The Korea Institute of Construction Technology (KICT) announced on the 23rd that it has developed the so-called Sand Dam, a sand storage type dam that can supply water stably for at least 10 days even in a drought, for the first time in Korea.
A sand dam is a method of storing water in sand, and is made by stacking three types of sand and gravel of different sizes one after another.
For this reason, the water stored in the sand has the advantage that it does not evaporate well and it hardly freezes in winter.
This technology was mainly used to store and dry floods, which occur rarely in dry areas such as Africa, in the sand, but it has not been constructed in Korea yet.
In Korea, there were many types of 'direct water intake' where water was supplied by installing facilities such as river and river dams.
However, due to the recent abnormal climate, typhoons and floods have increased irregularly, which often causes problems such as unstable water supply, water pollution, and algae.
In particular, in mountainous valleys where there is no water supply or where water flowing from a small river or valley is used as drinking water, there were frequent cases of mobilization of water tanks due to lack of drinking water during severe drought.
The 'Sand Dam' was researched and developed as an alternative to this.
The research team of the Water Resources and River Research Division of the Korea Construction Research Institute constructed the first bypass type sand dam in Korea in Mullori, Buksan-myeon, Chuncheon-si.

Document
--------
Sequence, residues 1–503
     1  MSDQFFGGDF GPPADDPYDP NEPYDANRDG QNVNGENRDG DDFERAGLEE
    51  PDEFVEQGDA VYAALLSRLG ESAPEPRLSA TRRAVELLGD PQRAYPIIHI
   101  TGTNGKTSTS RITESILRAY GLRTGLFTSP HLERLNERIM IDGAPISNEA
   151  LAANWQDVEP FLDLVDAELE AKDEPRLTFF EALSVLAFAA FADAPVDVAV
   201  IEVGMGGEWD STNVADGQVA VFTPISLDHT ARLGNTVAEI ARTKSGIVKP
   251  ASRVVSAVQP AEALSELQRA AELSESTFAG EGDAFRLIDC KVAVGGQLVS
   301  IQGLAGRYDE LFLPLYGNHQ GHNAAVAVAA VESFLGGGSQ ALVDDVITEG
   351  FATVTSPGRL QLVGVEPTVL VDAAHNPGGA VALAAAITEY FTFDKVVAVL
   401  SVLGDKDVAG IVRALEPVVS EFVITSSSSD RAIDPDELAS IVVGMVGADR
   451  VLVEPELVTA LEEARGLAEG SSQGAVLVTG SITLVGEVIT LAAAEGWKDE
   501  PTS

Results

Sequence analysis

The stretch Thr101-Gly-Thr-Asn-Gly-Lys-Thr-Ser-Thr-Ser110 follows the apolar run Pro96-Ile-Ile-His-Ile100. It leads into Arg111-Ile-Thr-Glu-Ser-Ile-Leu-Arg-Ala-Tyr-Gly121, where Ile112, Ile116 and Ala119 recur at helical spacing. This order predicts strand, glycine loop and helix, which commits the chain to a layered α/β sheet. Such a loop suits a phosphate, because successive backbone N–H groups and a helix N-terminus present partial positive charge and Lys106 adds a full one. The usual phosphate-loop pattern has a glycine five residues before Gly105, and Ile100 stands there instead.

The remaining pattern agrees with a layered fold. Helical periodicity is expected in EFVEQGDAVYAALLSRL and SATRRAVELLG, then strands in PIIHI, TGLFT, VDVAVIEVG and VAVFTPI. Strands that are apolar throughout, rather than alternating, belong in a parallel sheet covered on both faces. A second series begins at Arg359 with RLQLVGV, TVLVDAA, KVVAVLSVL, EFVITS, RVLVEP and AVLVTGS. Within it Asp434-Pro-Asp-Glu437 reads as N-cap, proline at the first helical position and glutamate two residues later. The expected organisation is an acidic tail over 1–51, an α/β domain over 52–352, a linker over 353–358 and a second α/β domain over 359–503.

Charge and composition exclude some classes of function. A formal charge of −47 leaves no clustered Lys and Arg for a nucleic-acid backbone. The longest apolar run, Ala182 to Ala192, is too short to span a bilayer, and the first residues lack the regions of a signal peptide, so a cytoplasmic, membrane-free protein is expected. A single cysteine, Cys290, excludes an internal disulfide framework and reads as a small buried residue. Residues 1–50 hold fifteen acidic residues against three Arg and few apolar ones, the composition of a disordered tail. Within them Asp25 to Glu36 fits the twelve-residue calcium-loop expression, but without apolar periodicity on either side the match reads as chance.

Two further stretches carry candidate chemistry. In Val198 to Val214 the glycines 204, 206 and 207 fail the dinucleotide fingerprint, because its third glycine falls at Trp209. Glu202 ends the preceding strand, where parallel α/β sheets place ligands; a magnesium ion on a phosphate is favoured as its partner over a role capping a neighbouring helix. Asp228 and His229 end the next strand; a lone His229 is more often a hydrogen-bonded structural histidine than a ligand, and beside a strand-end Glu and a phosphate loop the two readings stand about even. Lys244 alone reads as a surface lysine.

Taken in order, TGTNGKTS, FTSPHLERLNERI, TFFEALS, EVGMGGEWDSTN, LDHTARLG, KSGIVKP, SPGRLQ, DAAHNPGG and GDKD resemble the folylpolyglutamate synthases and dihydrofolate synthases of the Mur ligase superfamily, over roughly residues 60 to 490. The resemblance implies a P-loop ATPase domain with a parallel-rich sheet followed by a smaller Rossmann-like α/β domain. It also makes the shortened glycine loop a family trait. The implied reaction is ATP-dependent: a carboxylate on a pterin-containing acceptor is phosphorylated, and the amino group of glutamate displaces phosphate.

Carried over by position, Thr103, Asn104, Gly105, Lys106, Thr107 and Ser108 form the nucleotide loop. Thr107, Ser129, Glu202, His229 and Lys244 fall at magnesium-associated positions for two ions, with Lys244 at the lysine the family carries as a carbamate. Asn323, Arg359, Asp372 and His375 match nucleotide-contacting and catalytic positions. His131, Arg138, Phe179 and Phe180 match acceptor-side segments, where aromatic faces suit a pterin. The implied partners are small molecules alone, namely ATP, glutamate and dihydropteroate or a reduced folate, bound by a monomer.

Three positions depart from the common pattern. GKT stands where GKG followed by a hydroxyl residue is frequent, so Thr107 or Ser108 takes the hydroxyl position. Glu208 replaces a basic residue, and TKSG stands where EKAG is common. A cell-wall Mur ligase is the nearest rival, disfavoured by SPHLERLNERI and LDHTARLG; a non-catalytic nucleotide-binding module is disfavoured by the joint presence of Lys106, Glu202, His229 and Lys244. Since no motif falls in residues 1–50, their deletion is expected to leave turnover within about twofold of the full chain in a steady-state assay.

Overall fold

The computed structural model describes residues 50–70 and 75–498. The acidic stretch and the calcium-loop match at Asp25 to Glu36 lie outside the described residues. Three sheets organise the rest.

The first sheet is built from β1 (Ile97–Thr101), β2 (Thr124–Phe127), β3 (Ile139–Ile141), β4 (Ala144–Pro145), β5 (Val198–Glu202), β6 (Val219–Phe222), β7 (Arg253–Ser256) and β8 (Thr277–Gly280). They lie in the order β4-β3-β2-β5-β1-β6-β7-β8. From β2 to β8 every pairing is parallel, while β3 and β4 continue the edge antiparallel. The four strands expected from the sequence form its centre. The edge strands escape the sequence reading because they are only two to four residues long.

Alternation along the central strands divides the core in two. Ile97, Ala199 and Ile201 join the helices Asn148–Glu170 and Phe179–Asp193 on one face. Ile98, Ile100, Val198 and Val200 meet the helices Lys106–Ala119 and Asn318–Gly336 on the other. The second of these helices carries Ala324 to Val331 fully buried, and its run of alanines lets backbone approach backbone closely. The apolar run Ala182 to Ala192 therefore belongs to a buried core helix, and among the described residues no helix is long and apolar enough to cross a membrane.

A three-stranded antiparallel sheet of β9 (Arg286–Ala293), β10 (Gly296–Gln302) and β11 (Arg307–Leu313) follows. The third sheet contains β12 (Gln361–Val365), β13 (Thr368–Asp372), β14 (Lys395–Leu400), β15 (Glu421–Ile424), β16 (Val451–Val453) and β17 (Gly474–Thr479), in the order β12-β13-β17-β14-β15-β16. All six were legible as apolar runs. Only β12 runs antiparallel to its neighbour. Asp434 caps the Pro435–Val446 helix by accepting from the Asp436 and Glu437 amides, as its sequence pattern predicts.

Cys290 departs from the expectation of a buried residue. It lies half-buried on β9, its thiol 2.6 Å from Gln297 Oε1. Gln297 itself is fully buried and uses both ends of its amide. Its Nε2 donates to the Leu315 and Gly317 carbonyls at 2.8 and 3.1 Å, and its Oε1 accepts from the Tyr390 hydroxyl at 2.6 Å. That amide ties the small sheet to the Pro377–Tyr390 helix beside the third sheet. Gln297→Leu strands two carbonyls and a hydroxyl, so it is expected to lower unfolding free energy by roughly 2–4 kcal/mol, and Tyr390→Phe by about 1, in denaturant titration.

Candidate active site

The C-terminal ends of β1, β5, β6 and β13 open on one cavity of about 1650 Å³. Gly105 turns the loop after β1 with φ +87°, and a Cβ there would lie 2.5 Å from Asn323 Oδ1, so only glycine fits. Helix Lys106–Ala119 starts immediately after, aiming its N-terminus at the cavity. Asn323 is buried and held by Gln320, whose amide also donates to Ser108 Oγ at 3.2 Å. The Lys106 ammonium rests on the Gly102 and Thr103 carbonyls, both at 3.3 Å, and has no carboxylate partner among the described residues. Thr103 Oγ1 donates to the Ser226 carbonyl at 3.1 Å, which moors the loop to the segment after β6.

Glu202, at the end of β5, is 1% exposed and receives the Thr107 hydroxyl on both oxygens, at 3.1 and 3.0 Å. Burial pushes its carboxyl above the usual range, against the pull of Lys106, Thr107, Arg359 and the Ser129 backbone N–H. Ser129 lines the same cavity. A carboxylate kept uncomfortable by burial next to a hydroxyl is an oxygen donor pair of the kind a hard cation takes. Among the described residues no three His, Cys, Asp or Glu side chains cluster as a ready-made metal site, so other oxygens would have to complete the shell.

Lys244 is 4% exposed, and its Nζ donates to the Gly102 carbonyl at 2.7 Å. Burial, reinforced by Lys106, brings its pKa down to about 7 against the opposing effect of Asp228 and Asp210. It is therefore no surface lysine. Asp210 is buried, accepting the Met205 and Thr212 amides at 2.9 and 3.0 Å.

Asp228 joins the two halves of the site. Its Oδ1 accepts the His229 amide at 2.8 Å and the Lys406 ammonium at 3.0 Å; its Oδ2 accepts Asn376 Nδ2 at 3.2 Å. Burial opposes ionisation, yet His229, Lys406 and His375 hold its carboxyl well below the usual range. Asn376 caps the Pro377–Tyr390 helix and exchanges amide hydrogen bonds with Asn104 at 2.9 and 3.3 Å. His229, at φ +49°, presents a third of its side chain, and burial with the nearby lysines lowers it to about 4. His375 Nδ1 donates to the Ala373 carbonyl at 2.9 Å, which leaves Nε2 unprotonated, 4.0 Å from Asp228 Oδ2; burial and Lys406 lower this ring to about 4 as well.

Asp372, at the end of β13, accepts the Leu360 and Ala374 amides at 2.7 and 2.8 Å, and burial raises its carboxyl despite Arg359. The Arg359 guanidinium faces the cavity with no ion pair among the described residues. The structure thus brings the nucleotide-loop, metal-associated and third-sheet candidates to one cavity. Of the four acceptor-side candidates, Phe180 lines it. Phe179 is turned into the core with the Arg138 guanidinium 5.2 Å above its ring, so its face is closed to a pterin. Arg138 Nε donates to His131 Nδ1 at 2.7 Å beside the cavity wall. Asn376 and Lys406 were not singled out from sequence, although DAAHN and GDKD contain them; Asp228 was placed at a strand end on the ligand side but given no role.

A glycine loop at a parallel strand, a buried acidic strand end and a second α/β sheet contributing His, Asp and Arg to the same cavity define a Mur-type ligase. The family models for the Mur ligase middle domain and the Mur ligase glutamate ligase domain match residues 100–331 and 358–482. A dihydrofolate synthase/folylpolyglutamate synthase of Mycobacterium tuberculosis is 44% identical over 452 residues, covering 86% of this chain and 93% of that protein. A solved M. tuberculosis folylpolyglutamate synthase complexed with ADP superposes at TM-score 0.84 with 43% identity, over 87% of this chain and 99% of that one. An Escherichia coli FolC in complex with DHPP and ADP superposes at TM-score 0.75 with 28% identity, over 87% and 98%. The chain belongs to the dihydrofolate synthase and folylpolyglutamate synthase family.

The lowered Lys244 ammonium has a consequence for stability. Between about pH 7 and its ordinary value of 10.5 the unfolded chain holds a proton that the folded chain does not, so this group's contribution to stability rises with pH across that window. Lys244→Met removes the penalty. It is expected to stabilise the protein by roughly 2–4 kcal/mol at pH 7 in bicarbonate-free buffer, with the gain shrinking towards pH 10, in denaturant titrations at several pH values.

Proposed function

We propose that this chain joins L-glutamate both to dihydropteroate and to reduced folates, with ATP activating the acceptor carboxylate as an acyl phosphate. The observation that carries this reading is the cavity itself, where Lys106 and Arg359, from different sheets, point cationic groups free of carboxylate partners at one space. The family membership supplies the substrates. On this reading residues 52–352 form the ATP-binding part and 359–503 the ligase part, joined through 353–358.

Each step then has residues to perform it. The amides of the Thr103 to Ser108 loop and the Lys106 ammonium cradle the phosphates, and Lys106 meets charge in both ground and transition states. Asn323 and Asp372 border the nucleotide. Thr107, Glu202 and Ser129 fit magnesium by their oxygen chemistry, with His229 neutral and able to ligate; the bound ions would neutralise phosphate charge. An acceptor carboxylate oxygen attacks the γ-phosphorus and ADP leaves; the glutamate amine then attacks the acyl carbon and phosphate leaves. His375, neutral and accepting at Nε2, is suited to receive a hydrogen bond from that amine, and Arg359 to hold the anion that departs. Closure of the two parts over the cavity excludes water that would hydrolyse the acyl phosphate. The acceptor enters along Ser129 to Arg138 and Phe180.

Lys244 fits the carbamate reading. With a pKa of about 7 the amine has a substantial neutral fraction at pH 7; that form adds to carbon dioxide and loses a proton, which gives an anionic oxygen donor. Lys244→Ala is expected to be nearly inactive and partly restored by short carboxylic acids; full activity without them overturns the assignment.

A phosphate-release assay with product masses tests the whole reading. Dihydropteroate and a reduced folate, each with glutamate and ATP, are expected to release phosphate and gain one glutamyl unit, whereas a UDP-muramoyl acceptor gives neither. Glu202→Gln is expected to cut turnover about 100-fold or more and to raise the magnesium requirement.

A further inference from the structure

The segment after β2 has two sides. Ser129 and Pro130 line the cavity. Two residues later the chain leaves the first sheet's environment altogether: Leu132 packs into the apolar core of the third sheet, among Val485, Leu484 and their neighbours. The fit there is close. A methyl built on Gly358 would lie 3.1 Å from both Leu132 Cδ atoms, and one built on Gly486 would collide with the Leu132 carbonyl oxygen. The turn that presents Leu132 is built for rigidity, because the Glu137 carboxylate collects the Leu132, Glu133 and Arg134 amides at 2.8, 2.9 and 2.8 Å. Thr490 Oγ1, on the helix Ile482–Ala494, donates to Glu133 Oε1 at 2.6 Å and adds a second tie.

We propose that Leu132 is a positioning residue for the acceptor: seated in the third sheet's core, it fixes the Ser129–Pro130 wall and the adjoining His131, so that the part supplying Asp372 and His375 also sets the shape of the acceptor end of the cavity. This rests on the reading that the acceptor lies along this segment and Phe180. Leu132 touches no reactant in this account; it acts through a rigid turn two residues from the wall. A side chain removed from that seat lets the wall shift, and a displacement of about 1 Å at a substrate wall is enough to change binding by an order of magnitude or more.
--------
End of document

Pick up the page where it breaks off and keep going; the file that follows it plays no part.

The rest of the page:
Bypass method refers to the method of indirectly taking in underflow water, which is water contained in the gravel and sand layers on the bottom or the edge of the river.
The research team said, "If a fast flowing valley is directly blocked, safety problems such as dam loss may occur, so the indirect water intake method was applied. We have installed a plumbing system that supplies water that has passed through the sand layer below.”
The construction of this sand dam has provided an average of 150 tons (t) of water per day.
In particular, the research team emphasized that "a sand dam can be made at 10% of the cost of installing waterworks" and expected that the sand dam could be applied to other water-restricted areas as the demonstration experiment was completed.
This sand dam facility will be transferred to Chuncheon City and managed permanently at the end of this year.
(Photo = provided by Korea Institute of Construction Technology)